"I am thinking about the embassy, I am studying the embassy [issue], and we will see what happens. The embassy is not an easy decision. It has obviously been out there for many, many years, and nobody has wanted to make that decision. I'm thinking about it very seriously, and we will see what happens."

Q: We heard from Washington this week that settlements are not an impediment to the peace process. I guess this is an issue you and Prime Minister Netanyahu are going to discuss?

"They [settlements] don't help the process. I can say that. There is so much land left. And every time you take land for settlements, there is less land left. But we are looking at that, and we are looking at some other options we'll see. But no, I am not somebody that believes that going forward with these settlements is a good thing for peace."

Q: Will we see America condemn Israel a lot during your presidency?

"No, I don't want to condemn Israel. Israel has had a long history of condemnation and difficulty. And I don't want to be condemning Israel. I understand Israel very well, and I respect Israel a lot, and they have been through a lot. I would like to see peace and beyond that. And I think that peace for Israel would be a good thing for the Israeli people, not just a good thing, a great thing. And I think it is time."

Q: You always speak about making good deals. Don't the Palestinians have to make concessions as well?

"Yeah. They do. Absolutely. It has to be good for everybody. No deal is good if it is not good for everybody, and we are in that process, and we will see what happens. People have been in that process for many decades, and it has been going a long for a long time. So many people think it cannot be made. I have very smart people that ... say a deal can't be made. I disagree with them. I think a deal should be made, and it can be made."

Q: It has recently been reported that you want to isolate Iran and make sure that it no longer has close ties with Russia. How would you do that and what can Israel do to help?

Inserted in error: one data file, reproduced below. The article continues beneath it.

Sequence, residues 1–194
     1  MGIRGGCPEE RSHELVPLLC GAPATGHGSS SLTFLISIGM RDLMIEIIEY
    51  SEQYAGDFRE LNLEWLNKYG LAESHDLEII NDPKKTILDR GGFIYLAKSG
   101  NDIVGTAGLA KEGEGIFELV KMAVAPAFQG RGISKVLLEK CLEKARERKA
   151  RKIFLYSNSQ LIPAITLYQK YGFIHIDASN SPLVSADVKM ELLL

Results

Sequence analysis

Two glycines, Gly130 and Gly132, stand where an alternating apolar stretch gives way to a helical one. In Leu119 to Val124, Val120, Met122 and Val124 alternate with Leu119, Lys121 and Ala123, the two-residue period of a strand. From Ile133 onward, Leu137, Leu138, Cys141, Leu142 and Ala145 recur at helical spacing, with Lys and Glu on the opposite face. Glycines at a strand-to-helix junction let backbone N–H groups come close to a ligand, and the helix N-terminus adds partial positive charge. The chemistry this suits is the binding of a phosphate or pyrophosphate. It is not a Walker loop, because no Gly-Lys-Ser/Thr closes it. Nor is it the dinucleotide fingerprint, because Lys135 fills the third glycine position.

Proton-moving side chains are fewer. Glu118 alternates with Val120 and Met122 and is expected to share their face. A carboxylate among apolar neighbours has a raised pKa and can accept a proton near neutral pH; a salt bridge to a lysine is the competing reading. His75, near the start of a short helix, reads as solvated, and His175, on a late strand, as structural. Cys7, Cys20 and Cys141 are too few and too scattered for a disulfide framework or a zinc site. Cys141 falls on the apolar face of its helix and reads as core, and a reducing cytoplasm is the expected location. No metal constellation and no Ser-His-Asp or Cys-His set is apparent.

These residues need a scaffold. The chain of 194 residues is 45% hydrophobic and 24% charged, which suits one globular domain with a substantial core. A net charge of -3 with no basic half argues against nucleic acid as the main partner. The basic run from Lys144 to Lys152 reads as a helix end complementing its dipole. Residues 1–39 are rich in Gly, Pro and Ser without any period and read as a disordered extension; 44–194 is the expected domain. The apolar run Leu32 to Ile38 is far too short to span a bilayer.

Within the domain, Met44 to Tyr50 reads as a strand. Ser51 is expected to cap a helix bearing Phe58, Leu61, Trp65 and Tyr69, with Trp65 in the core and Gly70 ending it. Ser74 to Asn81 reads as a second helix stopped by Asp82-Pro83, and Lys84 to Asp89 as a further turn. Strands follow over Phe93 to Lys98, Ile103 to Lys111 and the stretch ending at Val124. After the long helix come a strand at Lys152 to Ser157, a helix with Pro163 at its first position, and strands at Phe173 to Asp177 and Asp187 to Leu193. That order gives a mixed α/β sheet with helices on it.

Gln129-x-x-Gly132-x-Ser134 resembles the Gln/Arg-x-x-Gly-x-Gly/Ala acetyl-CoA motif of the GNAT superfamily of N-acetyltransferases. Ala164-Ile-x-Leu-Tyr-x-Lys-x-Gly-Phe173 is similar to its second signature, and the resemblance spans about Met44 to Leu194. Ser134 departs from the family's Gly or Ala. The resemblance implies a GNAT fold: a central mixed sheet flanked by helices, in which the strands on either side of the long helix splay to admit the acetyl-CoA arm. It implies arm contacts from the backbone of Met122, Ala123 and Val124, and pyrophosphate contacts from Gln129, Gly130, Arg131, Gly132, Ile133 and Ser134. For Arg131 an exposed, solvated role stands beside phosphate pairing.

"Well, I don't know where that was reported. I don't believe I have ever said that to anybody. I just think Iran has not appreciated the unbelievably good deal that [President] Barack Obama gave them. I don't think in terms of isolation. I don't think in terms of anything right now with respect to Iran other than that they were extremely ungrateful for a deal that was made -- that should have never been made."

Q: But since it is a multilateral deal it cannot be ripped up?

"I don't want to comment on that."

Q: You recently imposed new sanctions on Iran after it held a ballistic missile test, and said that nothing is off the table. Can Iran be pressured successfully?

"We will see what happens with Iran. I don't want to comment on Iran. [There are] many different thoughts on Iran, both good and bad. I don't want to comment on Iran. I don't talk about what I'm planning, I'm not one to sit back and tell everybody what I'm going to do. So I'm not going talk about Iran. But again, I think they should have treated the United States with far greater respect than they have for the great deal they were able to negotiate with a group of people that didn't have a clue."

Q: But they are not the good guys in the region. They are the bad guys now.

"Well, they are causing a lot of havoc in the Middle East, there is no question about that."

Q: The Pentagon is supposed to draft a new plan to eliminate Islamic State. Do you have a general sense of what this new strategy might be?

"I have a feeling, yeah, but I don't talk about it to newspapers. I'm not like other administrations that say, 'This is what we are going to do and this is when we are going to do it.' Sure, we have a plan. ISIS is evil and bad and we have a plan."

Q: Concerning Israel, do you plan on visiting us?

"At some point, I will visit Israel, absolutely."

Q: And Mr. [Jared] Kushner is coming?

"Sure, I would think so."

Q: Finally, Mr. President, do you have anything to say to the Israelis?

"I have great respect for the Israelis, great respect for Israel. We'd love to see peace. We think it would be very, very good for the Israeli people, and we want a peace that would be everlasting -- not just a peace that is going to be good for three months and then the fighting starts again. So I just hope that both primary parties to the peace [process], the Palestinians and the Israelis, can be open-minded and see that we can get something done. I think it is absolutely good for both parties."

Q: Thank you very much, Mr. President.

"You are doing a good job and we love Israel."


The introductory paragraphs to this report are written by Brian Schrauger, Editor-in-Chief of the Jerusalem Journal. The interview portion of this report is an exact reproduction of that same interview as originally published by Israel Hayom at http://www.israelhayom.com/site/newsletter_article.php?id=40285